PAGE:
Those are not the only philosophers in the world. Most readers have at least heard of Confucius. There are many others.

Confucius is simply one example of the nontheistic or atheist philosophers of the East. There are many more who are less well known in the West. In the West, there is the philosophy of European people before the first life of Jesus Christ. I call it the first life, because officially, he is not dead; he rose after the crucifixion in his spiritual body and has been living as an immortal for the past 2000 or 1968 years as of 2011. Masses of people are confused by this and that’s OK. People think of Jesus Christ as having lived 32 years - the regular mortal style of living up to the crucifixion and after that, he is apparently still alive but everyone is confused about that and what happened afterwards. Whatever one thinks or believes about Jesus Christ, in the Western society philosophy grew before knowledge of this theological philosopher - Jesus Christ spread, and then there is how philosophy was heavily influenced by his teachings and by the organizations that grew up and moved around with his teachings. There is a good thousand year period of European history when the only philosophy successfully published had been cleared by the Christian clerics, and by people who actually and/or supposedly represented the religious philosophy of Jesus Christ. From the 1750’s to 2011, it became increasingly possible in Europe and North America to write and publish works whether they agreed or disagreed with Christian doctrine.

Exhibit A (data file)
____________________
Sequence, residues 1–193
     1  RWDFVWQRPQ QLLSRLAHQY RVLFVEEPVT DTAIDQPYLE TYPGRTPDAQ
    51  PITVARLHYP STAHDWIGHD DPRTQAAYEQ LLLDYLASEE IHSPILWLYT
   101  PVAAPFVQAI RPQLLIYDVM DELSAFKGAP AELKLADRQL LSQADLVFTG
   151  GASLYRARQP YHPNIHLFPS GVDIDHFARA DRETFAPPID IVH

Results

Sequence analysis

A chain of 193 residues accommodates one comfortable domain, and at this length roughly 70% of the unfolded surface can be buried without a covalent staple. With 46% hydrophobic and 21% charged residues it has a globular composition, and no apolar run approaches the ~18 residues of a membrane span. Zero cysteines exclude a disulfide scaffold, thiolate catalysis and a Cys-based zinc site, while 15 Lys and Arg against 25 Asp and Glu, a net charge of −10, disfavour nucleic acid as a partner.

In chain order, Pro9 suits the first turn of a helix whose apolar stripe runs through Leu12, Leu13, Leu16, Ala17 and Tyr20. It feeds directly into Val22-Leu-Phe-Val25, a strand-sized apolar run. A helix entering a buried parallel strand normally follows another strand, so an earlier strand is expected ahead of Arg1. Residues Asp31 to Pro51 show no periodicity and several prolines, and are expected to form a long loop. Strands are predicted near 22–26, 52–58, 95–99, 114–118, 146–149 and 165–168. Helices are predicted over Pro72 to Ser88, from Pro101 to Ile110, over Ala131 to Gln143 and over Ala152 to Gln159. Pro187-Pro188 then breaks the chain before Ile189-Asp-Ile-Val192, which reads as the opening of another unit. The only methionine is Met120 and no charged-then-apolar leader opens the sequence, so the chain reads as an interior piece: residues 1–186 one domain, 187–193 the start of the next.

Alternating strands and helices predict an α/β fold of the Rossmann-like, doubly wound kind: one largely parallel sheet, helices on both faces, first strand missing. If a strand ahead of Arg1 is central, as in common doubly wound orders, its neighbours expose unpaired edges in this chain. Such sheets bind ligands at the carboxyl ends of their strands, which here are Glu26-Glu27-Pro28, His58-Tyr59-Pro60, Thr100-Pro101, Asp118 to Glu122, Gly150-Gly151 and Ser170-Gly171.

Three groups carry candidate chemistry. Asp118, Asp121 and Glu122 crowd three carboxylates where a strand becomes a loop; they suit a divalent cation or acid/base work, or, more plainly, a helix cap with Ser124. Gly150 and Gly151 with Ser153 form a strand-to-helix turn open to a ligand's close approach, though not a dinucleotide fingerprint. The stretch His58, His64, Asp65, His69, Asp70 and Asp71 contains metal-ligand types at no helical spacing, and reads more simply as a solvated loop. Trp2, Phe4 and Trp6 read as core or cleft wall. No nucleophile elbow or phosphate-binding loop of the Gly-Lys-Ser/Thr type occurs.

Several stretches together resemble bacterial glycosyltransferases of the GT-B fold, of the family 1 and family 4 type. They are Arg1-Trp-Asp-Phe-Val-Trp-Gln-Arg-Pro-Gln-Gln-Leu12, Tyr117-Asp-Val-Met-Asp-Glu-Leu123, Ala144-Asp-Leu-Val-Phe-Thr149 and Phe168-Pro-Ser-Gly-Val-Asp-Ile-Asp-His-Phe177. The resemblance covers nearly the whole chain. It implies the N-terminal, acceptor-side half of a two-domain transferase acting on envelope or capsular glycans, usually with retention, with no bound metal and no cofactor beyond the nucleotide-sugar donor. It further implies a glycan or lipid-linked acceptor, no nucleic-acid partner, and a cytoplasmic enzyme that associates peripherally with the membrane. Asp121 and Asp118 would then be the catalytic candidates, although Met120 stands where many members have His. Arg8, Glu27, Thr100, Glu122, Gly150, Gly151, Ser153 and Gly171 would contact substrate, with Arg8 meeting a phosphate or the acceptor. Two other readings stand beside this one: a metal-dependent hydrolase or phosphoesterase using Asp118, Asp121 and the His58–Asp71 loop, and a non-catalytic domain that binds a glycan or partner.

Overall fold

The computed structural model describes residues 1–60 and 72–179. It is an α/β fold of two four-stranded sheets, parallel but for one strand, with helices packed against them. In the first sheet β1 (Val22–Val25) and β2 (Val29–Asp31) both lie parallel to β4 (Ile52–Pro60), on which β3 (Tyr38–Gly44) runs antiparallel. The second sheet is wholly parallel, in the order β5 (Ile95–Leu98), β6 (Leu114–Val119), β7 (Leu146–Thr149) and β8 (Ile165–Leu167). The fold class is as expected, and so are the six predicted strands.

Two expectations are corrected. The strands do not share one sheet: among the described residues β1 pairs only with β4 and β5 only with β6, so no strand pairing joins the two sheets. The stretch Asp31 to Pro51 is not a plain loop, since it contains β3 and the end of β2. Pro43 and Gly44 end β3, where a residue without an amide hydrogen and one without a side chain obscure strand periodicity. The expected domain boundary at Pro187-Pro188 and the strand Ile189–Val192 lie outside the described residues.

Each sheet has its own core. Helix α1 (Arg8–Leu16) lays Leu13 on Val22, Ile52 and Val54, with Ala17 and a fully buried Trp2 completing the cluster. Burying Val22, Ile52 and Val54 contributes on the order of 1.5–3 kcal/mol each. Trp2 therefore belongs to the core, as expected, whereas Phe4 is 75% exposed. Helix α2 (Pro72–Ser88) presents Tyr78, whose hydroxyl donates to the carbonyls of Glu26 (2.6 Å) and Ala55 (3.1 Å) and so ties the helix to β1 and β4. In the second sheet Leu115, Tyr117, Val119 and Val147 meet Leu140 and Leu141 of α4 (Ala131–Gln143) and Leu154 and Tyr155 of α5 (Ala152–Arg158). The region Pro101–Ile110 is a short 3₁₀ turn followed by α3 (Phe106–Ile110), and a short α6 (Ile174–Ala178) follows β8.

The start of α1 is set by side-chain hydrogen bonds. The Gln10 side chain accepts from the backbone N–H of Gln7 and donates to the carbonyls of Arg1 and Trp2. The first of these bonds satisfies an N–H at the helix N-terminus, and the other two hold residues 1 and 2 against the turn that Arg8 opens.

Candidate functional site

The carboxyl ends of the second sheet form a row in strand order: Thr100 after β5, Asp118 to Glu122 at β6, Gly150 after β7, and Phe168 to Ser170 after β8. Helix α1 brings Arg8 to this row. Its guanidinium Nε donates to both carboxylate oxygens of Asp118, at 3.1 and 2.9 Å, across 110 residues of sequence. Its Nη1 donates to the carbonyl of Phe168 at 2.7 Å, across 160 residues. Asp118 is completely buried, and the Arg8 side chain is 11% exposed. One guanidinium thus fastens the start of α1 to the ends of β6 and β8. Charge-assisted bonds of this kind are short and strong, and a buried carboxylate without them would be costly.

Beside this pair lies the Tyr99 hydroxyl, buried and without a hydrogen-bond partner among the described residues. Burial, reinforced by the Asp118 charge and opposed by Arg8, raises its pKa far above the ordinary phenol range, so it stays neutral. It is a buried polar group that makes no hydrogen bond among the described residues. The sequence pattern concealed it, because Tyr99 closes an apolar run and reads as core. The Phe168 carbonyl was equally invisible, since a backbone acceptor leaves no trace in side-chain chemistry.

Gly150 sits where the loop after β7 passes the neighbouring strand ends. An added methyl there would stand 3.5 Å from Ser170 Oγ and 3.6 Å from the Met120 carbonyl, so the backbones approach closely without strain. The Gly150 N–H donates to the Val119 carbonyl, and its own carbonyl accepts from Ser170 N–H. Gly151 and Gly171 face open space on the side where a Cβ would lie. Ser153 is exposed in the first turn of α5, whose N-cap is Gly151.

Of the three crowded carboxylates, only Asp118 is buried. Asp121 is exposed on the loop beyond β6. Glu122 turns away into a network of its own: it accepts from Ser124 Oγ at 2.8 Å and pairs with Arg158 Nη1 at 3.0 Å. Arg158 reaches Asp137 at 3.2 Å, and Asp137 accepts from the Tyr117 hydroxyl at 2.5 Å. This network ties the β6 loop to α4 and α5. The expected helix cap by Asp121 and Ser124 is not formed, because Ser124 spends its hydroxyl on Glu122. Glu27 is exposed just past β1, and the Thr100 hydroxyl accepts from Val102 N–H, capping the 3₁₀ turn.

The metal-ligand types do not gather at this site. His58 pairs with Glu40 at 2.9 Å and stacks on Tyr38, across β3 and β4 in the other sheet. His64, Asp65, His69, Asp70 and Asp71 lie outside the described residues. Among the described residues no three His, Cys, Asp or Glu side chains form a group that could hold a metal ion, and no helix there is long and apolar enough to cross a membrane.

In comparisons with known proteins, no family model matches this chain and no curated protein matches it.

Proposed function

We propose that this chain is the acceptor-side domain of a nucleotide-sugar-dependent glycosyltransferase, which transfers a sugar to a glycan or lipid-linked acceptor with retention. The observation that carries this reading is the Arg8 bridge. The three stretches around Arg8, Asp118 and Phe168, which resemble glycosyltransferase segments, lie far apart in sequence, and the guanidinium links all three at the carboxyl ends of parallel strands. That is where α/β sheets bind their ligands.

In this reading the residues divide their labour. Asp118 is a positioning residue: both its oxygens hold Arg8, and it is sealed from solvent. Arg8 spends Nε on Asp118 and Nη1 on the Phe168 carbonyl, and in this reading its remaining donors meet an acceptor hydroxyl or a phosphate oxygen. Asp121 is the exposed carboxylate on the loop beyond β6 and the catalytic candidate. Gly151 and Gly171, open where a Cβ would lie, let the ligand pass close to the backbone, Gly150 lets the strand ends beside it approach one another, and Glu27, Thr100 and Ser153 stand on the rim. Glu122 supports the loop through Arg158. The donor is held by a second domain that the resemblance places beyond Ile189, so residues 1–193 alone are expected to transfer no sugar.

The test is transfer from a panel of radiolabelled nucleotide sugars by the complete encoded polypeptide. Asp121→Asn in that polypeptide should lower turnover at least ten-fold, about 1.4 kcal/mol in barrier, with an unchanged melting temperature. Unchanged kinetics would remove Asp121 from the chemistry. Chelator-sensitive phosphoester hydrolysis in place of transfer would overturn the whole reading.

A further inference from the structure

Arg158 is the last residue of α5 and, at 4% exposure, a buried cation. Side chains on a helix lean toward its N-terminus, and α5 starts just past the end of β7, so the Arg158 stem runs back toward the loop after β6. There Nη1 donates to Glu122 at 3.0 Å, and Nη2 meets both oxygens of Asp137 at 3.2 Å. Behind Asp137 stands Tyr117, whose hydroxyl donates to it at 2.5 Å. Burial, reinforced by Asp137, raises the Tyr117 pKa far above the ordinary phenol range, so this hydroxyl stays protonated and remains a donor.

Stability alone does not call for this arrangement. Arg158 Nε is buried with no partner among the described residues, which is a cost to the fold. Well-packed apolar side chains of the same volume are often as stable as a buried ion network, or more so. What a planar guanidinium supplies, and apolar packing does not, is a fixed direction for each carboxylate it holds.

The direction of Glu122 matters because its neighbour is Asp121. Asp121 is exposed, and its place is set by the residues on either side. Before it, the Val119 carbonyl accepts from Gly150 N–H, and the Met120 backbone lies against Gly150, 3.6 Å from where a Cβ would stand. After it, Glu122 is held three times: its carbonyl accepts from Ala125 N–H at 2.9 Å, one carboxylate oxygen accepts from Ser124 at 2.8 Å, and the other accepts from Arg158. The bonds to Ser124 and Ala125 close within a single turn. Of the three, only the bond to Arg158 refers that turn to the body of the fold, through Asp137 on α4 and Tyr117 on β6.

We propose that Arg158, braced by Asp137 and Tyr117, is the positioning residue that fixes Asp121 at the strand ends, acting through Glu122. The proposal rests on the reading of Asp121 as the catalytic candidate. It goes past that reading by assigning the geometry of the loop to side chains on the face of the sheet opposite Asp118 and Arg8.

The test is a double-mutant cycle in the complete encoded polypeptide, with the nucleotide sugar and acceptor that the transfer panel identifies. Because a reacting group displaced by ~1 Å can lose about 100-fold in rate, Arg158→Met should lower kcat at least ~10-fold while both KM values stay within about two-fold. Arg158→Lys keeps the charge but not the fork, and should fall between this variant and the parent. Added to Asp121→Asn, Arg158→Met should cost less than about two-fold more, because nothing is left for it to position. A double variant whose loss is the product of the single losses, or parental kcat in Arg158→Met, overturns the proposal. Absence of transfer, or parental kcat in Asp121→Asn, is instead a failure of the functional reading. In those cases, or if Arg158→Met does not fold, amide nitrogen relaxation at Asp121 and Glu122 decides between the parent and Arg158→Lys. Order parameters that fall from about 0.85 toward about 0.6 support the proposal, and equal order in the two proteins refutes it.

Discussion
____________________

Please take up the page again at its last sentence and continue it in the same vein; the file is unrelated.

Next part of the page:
In the pre-Christian realm the philosophies which survived in a way that was actually written down, or that could be written showed up amongst the Greeks and Romans. It is unlikely that these were the only people who practiced some type of philosophical work, but much of the world is oral - sorry, that isn’t kinky, it just means spoken and heard rather than written. There are oral traditions today in the world and there always have been. Some are more highly structured than others.

One change which is commonly viewed as a type of cultural progress is the invention and use of the written word. The preservation of knowledge within a culture helps to protect and define it. The preservation of knowledge through a written system, means that the information can be added to the gigantic body of knowledge which is sifted by scholars and then taught as curriculum at the world’s universities. Once churches and educational systems are using a group of teachings they become quite powerful and can be used across centuries and societies in new ways - in ways that only being able to pass them on through the spoken word could not do.